South African farmers visit Wales to hear about silage conservation
23 August 2023
For South African dairy farmer, Bull van Rensburg, silage is a supplement to year-round grazing – rather than a sole winter forage. Nevertheless, he still wants to improve it to drive down costs.
Home to 1,200 dairy cows, Bull van Rensburg’s 1,000ha Groenwei Boerdery (which translates as Green Grazing Farming) business, near Port Elizabeth in the Eastern Cape, has a coastal climate that is near perfect for year-round pasture.
Even in winter there is always grass available. And although cooler winter temperatures mean grass growth may be slower than at other times of the year, it is not cold enough for frosts.
Typically, therefore, silage is mainly used to top up grazing for milking cows during those cooler winter periods and during summer when drought becomes an issue. Some farms also feed silage to dry cows.
The cows stay on pasture all year,” explains Mr van Rensburg. “They are never housed. Winter temperatures range from 15-19 deg C. Summer temperatures average 25-30 deg C.
“The more pasture we can graze the better, but as soon as grass quality and quantity declines because of growth through the season or drought, we have to feed silage.
Our grazing cycle is we graze for 25-30 days, or that might reduce to 20 days, then the surplus grazing we put into silage. But the main silage crop is grown on dedicated land.
Average milk yield at Groenwei Boerdery is about 7,500 litres/cow. Some 60% of the cows are USA/Canadian type Holsteins, yielding about 9,500 litres. The remaining 40% are Jerseys producing about 6,500 litres. Cows are year-round calved for flat rate milk production, with milk sold onto the liquid market.
“With input costs and milk price, we’re not making much return on capital,” says Mr van Rensburg. “Input costs are running away – for example fertiliser and concentrate price.
We feed a lot of concentrate. My aim is to get my silage protein as high as possible.
With this in mind, lucerne is increasingly being included in pastures to provide protein and to reduce fertiliser use. As well as making grass-based silage, wholecrop silage is also produced using a sown mixture of oats and triticale.
According to MC Veldsman, a South African forage advisor and contractor, oats produce better quality silage and more yield than other wholecrop cereals in South Africa. Maize is also a big silage crop. Between them, he says maize and wholecrop oats account for about 80% of all silage made in the region. Other silage crops include sorghum and ryegrass, he notes.
Being on fairly shallow, shale-type soil means Mr van Rensburg’s farm is too dry for an oats-only wholecrop, which is why triticale is included. Annual rainfall on the farm is around 650mm, and around 300 of the 1,000ha are irrigated.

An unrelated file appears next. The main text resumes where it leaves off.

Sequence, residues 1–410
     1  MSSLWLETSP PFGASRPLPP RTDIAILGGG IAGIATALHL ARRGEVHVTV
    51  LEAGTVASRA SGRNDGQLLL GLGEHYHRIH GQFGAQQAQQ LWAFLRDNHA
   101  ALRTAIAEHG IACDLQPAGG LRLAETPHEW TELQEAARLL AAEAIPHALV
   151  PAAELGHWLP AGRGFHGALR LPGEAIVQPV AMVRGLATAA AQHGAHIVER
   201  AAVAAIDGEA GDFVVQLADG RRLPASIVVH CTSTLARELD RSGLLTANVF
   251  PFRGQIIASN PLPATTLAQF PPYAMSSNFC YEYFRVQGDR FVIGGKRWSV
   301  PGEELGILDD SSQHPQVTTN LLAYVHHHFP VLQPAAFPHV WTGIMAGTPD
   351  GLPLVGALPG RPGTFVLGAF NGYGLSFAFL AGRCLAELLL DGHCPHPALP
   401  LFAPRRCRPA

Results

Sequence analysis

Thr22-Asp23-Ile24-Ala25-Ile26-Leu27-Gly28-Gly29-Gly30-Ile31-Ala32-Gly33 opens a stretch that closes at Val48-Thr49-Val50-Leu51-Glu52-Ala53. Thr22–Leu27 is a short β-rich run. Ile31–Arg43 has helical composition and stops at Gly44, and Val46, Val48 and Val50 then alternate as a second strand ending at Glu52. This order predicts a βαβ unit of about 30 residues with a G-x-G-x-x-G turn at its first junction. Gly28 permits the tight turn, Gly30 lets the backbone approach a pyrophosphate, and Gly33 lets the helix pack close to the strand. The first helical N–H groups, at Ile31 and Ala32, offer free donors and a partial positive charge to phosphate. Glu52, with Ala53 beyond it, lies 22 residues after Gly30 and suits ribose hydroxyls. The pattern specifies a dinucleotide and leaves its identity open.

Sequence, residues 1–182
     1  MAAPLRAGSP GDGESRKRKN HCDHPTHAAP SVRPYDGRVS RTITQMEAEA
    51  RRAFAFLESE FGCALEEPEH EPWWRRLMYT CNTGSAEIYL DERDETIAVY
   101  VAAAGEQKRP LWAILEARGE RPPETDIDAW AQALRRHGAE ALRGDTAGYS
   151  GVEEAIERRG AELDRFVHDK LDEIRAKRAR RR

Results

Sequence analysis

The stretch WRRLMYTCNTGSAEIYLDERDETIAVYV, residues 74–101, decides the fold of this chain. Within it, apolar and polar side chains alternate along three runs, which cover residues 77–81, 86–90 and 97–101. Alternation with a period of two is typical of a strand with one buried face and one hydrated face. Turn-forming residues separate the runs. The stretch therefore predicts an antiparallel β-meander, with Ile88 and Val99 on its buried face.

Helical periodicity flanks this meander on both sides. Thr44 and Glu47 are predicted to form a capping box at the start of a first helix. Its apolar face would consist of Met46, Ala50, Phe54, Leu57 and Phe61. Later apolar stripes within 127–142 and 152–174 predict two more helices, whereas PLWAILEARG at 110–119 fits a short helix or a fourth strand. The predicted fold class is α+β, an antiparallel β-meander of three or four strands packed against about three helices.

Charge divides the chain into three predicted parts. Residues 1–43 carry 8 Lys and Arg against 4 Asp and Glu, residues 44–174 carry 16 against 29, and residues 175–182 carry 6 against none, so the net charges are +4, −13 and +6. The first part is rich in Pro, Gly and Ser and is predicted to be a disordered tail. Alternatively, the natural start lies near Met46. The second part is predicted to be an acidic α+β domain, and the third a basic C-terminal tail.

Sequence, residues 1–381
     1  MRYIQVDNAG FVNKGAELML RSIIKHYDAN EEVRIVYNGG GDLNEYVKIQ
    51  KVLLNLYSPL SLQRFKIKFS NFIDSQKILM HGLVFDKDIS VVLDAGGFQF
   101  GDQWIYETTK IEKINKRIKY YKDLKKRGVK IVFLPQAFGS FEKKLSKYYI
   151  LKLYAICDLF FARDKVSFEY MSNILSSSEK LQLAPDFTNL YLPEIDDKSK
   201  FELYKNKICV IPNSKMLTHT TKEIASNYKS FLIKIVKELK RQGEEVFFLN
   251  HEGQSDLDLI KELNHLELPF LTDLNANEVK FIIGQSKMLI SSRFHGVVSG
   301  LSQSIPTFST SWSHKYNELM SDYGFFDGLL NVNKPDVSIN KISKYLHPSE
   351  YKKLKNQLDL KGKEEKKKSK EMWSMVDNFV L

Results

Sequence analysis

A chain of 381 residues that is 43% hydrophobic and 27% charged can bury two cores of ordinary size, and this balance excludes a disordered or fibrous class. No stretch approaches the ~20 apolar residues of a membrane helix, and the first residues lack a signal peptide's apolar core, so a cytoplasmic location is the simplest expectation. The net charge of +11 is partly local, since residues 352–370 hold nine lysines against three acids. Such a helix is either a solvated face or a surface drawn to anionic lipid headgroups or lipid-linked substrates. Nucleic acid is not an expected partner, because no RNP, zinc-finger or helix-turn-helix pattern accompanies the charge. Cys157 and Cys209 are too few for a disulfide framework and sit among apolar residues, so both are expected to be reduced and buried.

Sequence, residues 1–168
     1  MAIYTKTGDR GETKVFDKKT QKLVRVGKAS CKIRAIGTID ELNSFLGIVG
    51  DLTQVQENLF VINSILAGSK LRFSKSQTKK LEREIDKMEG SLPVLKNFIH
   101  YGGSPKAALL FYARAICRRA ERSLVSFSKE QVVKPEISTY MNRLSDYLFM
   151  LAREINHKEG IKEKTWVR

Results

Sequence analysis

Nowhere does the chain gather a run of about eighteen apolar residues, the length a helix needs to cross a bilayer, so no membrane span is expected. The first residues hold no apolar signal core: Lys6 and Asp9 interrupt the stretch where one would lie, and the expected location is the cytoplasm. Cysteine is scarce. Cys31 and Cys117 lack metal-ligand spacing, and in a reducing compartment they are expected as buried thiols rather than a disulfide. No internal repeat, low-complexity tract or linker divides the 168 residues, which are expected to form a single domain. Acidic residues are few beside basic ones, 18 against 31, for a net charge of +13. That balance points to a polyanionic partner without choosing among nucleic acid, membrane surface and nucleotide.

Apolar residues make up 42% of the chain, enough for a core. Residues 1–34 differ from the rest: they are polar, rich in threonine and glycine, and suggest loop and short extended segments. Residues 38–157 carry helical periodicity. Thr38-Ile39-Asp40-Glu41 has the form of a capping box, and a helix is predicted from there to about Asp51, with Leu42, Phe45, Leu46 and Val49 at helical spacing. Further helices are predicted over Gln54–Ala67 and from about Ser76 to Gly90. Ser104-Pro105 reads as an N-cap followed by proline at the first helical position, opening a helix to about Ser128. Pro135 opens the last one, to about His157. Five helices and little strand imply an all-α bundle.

Cutting grass for silage starts in the South African spring, which is during September to November. Mr van Rensburg’s grass and wholecrop silages are fed in a feed pen, with concentrates of wholegrain maize pellets and soya, plus minerals, fed in out-of-parlour feeders using a computerised system according to cow size and milk yield.
“We put high attention to detail into getting the best quality out of silage crops,” Mr van Rensburg continues. “Originally, we didn’t use an inoculant. Then we tried some inoculant and saw improvements in milk yield and in the stability of the silage, plus reduced silage losses.”
As well as using an additive, silage compaction in the clamp or bunker is being improved, and the farm is looking at how to better manage the silage face at feedout to reduce wastage. All these are geared to making better silage as a way of reducing feed costs. “I am saving more by using an additive. I’m also reviewing different additives to choose one which works in my situation – I’m considering Ecosyl or Ecocool,” he adds.
We’re still not getting the milk from forage that we are hoping for, so my thinking is also to combine feeding lucerne pasture with feeding silage, and to get a higher metabolisable energy from the oats.
“With higher fertiliser costs, the value of slurry has increased, so we’re also making better use of slurry,” he adds.
Bull van Rensburg and MC Veldsman were among a group of South African farmers and silage experts who took part in a study tour to the UK organised by Volac.
As well as farm visits, the tour also visited Volac’s Ecosyl research and manufacturing facilities in Port Talbot, South Wales.
Volac’s silage experts explained how the MTD/1 bacteria in Ecosyl bring about efficient silage fermentations, with results showing reduced silage dry matter losses, improved preservation of metabolisable energy and true protein, and ultimately, across a range of forages preserved with Ecosyl, an average of an extra 1.2 litres of milk/cow/day.
Like the UK, South Africa is among an increasing number of countries around the world where we are seeing increased interest in making better silage,” explained Volac global forage product manager, Jackie Bradley. “South African farmers are very knowledgeable about making silage.
“In part, the drive for better silage is down to increased feed costs, which are a global issue. But in some counties it is also being driven by forage crops increasingly being used for energy production, for example in anaerobic digesters. This is reducing the amount of forage available for livestock, which has made it even more important that losses in silage for animal feed are kept to an absolute minimum,” Mrs Bradley adds.
Article first published in British Dairying, August 2023.
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